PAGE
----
Articles on Radiation

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Visitors to Imjingak Pavilion in Paju, South Korea at the border of North Korea and South Korea on Jan. 1, 2018. AP Photo/Lee Jin-man

How a nuclear attack on North Korea would add to global cancer epidemic

The Trump administration shelved its plans for a 'bloody nose' attack while the Olympics in South Korea were under way. With the games over, it's time to consider the consequences of a strike.
Warning sign at Kerr-McGee uranium mill site near Grants, N.M., December 20, 2007. AP photo/Susan Montoya Bryan

Before the US approves new uranium mining, consider its toxic legacy

The Trump administration's push for 'energy dominance' could spur a new wave of domestic uranium production. A scholar describes the damage done in past uranium booms and the visible scars that remain.
A recent Canadian trial reports breast cancer over-diagnosis rates of up to 55 per cent, from routine screening mammograms. (Shutterstock)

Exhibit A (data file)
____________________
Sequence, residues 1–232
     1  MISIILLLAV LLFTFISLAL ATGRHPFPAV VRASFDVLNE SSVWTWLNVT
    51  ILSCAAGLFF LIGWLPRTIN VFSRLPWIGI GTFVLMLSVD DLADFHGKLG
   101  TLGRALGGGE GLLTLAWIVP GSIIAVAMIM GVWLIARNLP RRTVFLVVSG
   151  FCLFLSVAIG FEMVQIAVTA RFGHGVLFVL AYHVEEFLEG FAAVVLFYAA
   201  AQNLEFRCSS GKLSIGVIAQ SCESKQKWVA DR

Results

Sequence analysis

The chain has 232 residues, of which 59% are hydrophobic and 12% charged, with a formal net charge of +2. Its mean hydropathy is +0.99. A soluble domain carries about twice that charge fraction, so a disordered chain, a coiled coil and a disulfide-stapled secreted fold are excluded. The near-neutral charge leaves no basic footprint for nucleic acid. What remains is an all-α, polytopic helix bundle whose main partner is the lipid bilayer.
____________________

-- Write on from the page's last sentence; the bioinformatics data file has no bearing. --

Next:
Routine mammograms do not save lives: The research is clear

October is breast cancer awareness month. Women should know there is no reliable evidence that routine mammograms reduce death from breast cancer, and there's good evidence that they cause harm.
A study found children are at greater risk of developing later cancers from radiation from CT scans. from

Weighing the risks and benefits of CT scans in childhood

In a recent study of almost 11 million young Australians, we showed those exposed to a CT scan before the age of 20 had a small increase in cancer risk in the years after exposure.
Pocket your phone without worry. Phone image via

Why you can’t fry eggs (or testicles) with a cellphone

Did your holiday gift list include radiation-shielding undies to protect your privates from cellphone radio waves? A radiation expert explains they're unnecessary – your phone won't affect your fertility.
Tim Peake, Yuri Malenchenko and Tim Kopra are about to return to Earth after a six-month stay at the ISS. NASA/Victor Zelentsov

How much radiation damage do astronauts really suffer in space?

In theory, astronauts get the equivalent of a lethal x-ray dose during a six-month stay at the ISS. Here's why we don't have to worry too much though.

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